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Hope you are as well as you can be.
I am a 68 year old man living in the Glasgow area of Scotland. In 2010 I was diagnosed with prostate cancer with a PSA of 2.9. My doctor did a DRE(digital rectum examination) and found a ‘nodule’. My Gleason score was 3+4 and underwent 40 radiation treatments over 8 weeks. My PC was in the prostate only, no spread to anywhere. My PSA after 18 months went down to 0.2 and small increases till 2018, with a PSA of 0.4. My PSA result in 2019 was 1.0 and my GP suggested an appointment with a consultant Urologist. I had a MRI scan, a X-ray of my right femur and a bone scan. The scans found a non malignant lesion on my right femur. My consultant put me on active surveillance with PSA checks every 3 months with an appointment to see him every 6 months. In March this year, with a PSA of 1.4 he confirmed the recurrence of Prostate Cancer and my PSA is 1.8 in September and has organised for another MRI scan for me. The scan appointment will be on 24th September 2020.
My PSA results are not high but was not really high when I was diagnosed with PC and I am getting concerned. The consultant said in March hormone therapy would be the next course of action if the PSA continues too increase.
Has anyone any thoughts on my situation.
The information you provide suggests you are experiencing a recurrence. If that's the case and you were here in the United States, you would be confronted with a great many treatment options. Assuming that is also true in Scotland you would do well to begin your research effort. Let me suggest you begin with the segment of my ongoing, online journal titled: "To My Family, Friends and Cyberspace Buddies"; see:
Best wishes Don O.
I am on the same journey as you William, albeit currently at a slower velocity. My doubling time is over 3 years. If you look on page 2 of this forum, find the thread "New Topic" stated by Don. There you will find the details of my current journey. Have a read because as Terry used to say, "you are not alone".
I see you are a couple of years my junior age wise. From your PCa stats in 2010 to now, it would appear you have done very well. I know it is a bit concerting when PCa again appears as a health issue. But really your current situation is nothing to really to get all that excited about. Because it was always going to come back, and frankly it was just a question of when. We always need to remember that PCa, even as a recurrence, has a positive correlation with advancing years. But with us old fellas (70 this way), time is very much on our side, I say that with reference to PCa progression. From your PSA velocity of 1.4 ng/ml to 1.8 ng/ml, over six month period, your doubling time is currently one and a half years. That figure alone is suggestive that you recurrence is more likely a pussy cat rather than a tiger. It is the norm in most countries to monitor such recurrences until a certain threshold is reached. In Australia for post radiation treatment, the threshold is the nada (lowest post treatment reading, 0.2 ng/ml in your case) plus 2.0 ng/ml. That formula equates with a biochemical recurrence meaning PSA only. At that point clinical evidence of tumour bulk may not be able to be defined. But over time that will alter of course, hence the need for active surveillance and appropriate scans as required. The recurrence may or may not be localised in the prostate. If say scans showed a hot pelvic lymph node, than focal radiation can be very effective. I guess what I am rather poorly trying to say is, that yes, you more than likely have a recurrence, but an arsenal of treatments are available to see you well into your 80's enjoying a good quality lifestyle. Best wishes William.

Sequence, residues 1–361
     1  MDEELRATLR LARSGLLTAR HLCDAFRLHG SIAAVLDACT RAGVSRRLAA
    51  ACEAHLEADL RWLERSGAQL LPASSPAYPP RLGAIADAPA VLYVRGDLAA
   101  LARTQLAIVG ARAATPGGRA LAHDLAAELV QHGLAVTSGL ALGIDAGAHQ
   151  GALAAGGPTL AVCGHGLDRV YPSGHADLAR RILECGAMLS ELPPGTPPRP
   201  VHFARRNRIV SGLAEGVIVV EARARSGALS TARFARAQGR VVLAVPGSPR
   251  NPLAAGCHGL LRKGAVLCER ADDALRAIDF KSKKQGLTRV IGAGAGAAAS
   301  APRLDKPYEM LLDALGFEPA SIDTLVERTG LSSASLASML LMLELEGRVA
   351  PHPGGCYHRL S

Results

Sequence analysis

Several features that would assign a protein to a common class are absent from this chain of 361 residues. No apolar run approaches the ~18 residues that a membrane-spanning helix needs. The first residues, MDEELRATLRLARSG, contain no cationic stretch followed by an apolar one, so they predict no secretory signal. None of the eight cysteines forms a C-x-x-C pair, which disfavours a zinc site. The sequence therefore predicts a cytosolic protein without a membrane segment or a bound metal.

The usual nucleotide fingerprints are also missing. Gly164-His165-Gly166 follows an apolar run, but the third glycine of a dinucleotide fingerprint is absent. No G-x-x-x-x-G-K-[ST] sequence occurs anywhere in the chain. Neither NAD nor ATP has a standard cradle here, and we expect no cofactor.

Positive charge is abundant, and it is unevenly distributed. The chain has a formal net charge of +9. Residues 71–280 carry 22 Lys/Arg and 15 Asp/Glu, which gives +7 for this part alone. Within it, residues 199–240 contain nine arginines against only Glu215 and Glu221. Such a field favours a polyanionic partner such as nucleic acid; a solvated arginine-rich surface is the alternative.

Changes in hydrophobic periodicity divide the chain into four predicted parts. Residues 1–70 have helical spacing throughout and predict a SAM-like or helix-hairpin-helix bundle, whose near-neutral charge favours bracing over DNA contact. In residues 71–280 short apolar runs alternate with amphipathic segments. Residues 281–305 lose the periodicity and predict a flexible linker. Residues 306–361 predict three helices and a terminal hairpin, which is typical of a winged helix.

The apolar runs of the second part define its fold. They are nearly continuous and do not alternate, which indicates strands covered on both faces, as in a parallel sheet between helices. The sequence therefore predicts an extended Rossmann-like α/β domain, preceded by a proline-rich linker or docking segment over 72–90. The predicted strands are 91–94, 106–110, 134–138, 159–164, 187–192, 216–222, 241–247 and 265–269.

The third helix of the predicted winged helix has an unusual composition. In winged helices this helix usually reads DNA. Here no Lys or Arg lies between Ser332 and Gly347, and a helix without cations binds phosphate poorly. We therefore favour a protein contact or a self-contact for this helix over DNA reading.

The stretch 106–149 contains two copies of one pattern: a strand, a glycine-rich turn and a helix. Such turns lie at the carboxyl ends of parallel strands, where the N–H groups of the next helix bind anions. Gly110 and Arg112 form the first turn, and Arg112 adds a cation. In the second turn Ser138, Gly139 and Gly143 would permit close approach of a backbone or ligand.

Thank you for your replies and words of encouragement.
John it appears I have made a mistake in my PSA increase dates. My PSA was 1.4 in June 2020 and 1.8 in September 2020, an increase of 0.4 over 3 months.
I found that when my consultant’s told me the return of PCa in March this year it was a bit of a bombshell. It took me a few days to come to terms with it and look forward too the future. Nevertheless, it’s still in the back of my mind when time for 3 monthly PSA tests come round.
Tomorrow, 24th September I go for a MRI scan and have an appointment with the consultant on 19th October by telephone( due to COVID-19)to discuss results.
Don, when I was diagnosed with PCa I did research as much as I could, and took certain steps to try and help my situation. This is the start of my new research and had only found this forum recently.
When I underwent my treatment I met 3 other men undergoing treatment and became firm friends in a short period, so a positive came from our PCa. Unfortunately, my 3 friends have passed away at 3, 6 and 7 years since our treatment together. We all had similar situations, although my 3 friends had much higher PSA than I and in double digits, ranging from 12 too 18. So I am fortunate to be still here and to see my two gran sons of 4 and 1 years old, so much joy and happiness. Maybe I am being greedy as I said to myself at the start of the treatment I would be happy with 10 years, but with the arrival of grandsons I want more, a part quote from Oliver Twist.
I am really glad I found this forum and read other men’s journeys.
As Dave Allen an Irish comedian said at the end of his tv program, ‘may your god go with you’.
Ok William well the PSA reading revision does change the picture a bit. But you are taking all the reasonable steps and seem to have everything in hand. When you have further information do come and share it with us. All in all your worst case scenario, is probably another decade in which to enjoy your grandkids. As for Dave Allen, he was also on Australian TV for many years, and yes I remember that line in closing the show every night.